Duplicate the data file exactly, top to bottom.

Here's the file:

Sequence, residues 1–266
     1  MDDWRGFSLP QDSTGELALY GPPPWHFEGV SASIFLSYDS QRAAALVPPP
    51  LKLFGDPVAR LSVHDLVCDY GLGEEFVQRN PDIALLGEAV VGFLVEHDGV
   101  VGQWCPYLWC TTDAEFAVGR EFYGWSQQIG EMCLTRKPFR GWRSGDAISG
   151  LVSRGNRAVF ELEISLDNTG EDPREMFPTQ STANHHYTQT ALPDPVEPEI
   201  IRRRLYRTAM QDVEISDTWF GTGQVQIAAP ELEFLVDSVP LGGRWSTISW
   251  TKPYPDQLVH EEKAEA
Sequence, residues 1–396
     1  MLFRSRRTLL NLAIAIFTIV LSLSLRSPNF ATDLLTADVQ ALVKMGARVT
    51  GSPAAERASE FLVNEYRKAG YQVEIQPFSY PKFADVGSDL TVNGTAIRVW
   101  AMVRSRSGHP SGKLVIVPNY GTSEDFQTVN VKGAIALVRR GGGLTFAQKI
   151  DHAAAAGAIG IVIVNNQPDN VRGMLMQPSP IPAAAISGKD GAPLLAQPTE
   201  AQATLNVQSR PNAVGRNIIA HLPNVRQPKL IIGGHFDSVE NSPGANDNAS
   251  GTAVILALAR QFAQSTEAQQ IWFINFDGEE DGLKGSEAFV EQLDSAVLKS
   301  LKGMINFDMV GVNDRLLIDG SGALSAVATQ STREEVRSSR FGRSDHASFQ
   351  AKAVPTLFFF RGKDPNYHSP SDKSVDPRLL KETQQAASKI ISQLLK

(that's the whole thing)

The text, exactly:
Sequence, residues 1–266
     1  MDDWRGFSLP QDSTGELALY GPPPWHFEGV SASIFLSYDS QRAAALVPPP
    51  LKLFGDPVAR LSVHDLVCDY GLGEEFVQRN PDIALLGEAV VGFLVEHDGV
   101  VGQWCPYLWC TTDAEFAVGR EFYGWSQQIG EMCLTRKPFR GWRSGDAISG
   151  LVSRGNRAVF ELEISLDNTG EDPREMFPTQ STANHHYTQT ALPDPVEPEI
   201  IRRRLYRTAM QDVEISDTWF GTGQVQIAAP ELEFLVDSVP LGGRWSTISW
   251  TKPYPDQLVH EEKAEA
Sequence, residues 1–396
     1  MLFRSRRTLL NLAIAIFTIV LSLSLRSPNF ATDLLTADVQ ALVKMGARVT
    51  GSPAAERASE FLVNEYRKAG YQVEIQPFSY PKFADVGSDL TVNGTAIRVW
   101  AMVRSRSGHP SGKLVIVPNY GTSEDFQTVN VKGAIALVRR GGGLTFAQKI
   151  DHAAAAGAIG IVIVNNQPDN VRGMLMQPSP IPAAAISGKD GAPLLAQPTE
   201  AQATLNVQSR PNAVGRNIIA HLPNVRQPKL IIGGHFDSVE NSPGANDNAS
   251  GTAVILALAR QFAQSTEAQQ IWFINFDGEE DGLKGSEAFV EQLDSAVLKS
   301  LKGMINFDMV GVNDRLLIDG SGALSAVATQ STREEVRSSR FGRSDHASFQ
   351  AKAVPTLFFF RGKDPNYHSP SDKSVDPRLL KETQQAASKI ISQLLK